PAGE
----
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New and improved stations

London's newest railway will be an accessible route of 41 stations from Reading and Heathrow in the west, through central London and to Shenfield and Abbey Wood in the east.

When fully open the Elizabeth line will reduce congestion by increasing central London's rail capacity by 10 per cent and will bring an additional 1.5 million people within 45 minutes of central London. It is already improving journey times across the capital, offering more choice and delivering an accessible world-class experience for millions of passengers.


Elizabeth line stations

TEN NEW STATIONS

The Elizabeth line has the capacity for 200 million passenger journeys each year so stations need to cope with a large number of passengers, be easy to navigate, accessible for everyone and able to ensure wear and tear over a 120-year lifetime. 

Ten new stations have been built from Paddington to Abbey Wood, each with their own distinct character, conceived by world-renowned architects to reflect the environment and heritage of the local area. For example, Paddington Elizabeth line station echoes the design legacy of Brunel’s existing building, while the new Farringdon station takes inspiration from the historic local trades of blacksmiths and goldsmiths, as well as the distinctive architecture of the Barbican.

At platform level, common design components such as seating, signage, full-height platform screen doors and curved, sweeping passageways create a consistent and familiar feel. Common design components were developed to be adaptable across the entire line, so that all stations have a familiar identity.


Hayes & Harlington Main Entrance Steps

IMPROVEMENTS TO SURFACE RAIL STATIONS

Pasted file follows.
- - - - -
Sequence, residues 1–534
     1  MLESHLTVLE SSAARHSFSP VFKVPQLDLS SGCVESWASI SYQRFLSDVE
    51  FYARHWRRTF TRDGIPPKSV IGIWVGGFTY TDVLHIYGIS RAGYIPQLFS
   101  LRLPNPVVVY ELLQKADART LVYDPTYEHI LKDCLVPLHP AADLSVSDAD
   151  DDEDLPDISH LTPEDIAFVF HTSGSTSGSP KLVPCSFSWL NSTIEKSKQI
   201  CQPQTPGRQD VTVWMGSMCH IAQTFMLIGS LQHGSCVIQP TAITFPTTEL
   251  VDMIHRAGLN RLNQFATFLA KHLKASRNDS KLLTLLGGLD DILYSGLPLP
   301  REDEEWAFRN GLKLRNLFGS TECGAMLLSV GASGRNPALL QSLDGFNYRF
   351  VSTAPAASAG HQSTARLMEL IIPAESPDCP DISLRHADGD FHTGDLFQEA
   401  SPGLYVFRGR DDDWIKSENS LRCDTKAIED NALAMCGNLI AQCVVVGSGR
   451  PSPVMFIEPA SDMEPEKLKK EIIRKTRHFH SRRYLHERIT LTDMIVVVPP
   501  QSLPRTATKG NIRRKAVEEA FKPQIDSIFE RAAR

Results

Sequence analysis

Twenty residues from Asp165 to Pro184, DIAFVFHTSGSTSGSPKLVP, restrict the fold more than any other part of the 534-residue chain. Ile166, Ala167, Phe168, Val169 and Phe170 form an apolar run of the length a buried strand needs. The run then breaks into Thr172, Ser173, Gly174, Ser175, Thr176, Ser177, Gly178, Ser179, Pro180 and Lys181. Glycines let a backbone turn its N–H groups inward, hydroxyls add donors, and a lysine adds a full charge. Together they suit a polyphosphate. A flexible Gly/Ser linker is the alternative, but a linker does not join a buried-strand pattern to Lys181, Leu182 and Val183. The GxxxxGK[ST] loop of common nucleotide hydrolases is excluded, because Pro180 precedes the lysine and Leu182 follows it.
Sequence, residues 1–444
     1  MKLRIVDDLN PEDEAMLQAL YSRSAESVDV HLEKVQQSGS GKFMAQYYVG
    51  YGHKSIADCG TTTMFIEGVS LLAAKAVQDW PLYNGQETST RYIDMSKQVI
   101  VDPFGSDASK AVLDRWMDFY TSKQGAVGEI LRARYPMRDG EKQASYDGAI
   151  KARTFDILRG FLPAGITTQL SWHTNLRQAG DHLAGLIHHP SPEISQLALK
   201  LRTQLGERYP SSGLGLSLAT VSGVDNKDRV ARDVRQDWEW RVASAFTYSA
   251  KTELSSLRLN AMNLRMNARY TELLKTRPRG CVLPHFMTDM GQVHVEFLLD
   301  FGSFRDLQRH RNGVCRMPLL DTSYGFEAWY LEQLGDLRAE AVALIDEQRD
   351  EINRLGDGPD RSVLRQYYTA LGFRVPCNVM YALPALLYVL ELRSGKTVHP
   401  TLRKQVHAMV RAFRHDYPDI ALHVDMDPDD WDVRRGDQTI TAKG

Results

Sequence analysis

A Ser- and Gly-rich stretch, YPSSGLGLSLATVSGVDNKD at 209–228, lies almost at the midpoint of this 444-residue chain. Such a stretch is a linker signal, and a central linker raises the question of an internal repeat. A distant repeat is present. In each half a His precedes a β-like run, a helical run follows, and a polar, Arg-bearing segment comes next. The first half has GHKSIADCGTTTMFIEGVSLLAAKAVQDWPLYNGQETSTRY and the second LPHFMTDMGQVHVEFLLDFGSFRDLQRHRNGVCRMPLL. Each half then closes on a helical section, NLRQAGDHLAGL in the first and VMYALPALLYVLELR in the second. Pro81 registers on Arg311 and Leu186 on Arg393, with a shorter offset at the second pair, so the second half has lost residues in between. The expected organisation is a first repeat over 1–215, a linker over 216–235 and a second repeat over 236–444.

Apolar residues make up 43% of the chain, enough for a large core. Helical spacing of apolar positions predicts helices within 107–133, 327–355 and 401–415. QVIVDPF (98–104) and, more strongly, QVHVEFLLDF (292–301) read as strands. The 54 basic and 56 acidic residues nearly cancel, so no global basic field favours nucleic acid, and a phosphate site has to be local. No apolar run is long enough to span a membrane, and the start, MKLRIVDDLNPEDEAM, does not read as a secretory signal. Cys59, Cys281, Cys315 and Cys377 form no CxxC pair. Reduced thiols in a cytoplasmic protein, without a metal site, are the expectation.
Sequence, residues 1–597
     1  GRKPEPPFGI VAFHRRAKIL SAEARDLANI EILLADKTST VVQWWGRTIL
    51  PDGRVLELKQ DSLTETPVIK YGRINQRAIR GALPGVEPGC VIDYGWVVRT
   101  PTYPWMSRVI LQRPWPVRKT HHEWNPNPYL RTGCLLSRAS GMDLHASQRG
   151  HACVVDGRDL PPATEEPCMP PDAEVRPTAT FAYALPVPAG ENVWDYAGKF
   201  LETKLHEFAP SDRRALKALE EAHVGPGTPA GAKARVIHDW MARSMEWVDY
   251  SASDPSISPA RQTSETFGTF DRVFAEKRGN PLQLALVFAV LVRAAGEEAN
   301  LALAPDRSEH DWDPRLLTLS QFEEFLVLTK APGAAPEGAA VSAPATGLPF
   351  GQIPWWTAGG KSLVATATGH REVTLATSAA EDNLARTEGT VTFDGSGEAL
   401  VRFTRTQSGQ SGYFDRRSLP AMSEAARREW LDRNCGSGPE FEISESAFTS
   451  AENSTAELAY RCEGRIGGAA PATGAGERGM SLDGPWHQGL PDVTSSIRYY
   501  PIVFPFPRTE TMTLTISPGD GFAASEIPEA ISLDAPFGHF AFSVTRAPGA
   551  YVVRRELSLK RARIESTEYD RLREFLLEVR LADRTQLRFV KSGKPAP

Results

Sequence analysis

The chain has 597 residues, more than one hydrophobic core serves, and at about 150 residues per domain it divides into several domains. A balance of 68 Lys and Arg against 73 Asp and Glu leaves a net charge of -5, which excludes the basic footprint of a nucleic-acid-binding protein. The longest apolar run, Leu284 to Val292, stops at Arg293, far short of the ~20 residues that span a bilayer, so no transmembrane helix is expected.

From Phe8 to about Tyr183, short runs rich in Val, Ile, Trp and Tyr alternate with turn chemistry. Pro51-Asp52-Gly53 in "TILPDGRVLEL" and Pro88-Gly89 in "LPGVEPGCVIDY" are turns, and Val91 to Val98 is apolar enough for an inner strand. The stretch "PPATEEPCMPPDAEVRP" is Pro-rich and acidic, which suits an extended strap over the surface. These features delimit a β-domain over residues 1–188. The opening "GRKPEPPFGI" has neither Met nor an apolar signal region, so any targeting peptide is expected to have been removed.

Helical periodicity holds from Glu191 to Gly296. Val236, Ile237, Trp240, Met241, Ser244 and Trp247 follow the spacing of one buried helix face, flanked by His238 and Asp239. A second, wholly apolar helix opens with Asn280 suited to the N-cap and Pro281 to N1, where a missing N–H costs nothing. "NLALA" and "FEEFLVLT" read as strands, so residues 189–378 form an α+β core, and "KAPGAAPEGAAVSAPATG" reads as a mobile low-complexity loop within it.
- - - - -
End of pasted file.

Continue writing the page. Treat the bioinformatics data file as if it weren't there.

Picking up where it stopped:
Three-quarters of the Elizabeth line runs above ground on the existing rail network through outer London, Buckinghamshire, Berkshire and Essex. 

When the Elizabeth line is fully open, passengers travelling from Reading and Heathrow in the west and from Shenfield and Abbey Wood in the east will be able to travel directly to stations in central London without needing to change trains.

Major improvements have been delivered at stations along the route by Network Rail and Transport for London (TfL) to provide step-free access, add new facilities and prepare the stations for the Elizabeth line. These improvements range from lengthening platforms, to new glass and steel ticket halls, refurbished toilets and waiting rooms. The vast majority of these works are now complete, with the remaining station upgrades due to be completed later in 2022.


TfL Image - Elizabeth line launch week images - Paddington station_344119

URBAN REALM IMPROVEMENTS

In addition to new stations and improvements to surface stations, works to improve the urban realm surrounding a number of stations have been carried out by TfL and local authorities in order to complement the new station facilities. These improvements include changes to road layouts and pavements, new trees, as well as public spaces and cycle parking. The key principles of the designs for these improvements aimed for: attractive, adaptable and sustainable spaces so their use can change over time; accessible, legible and free from clutter; and safe and secure. Importantly they also aimed to retain the identity, diversity and characteristics of local areas giving confidence to local communities and to potential investors. The majority of these works are now also complete.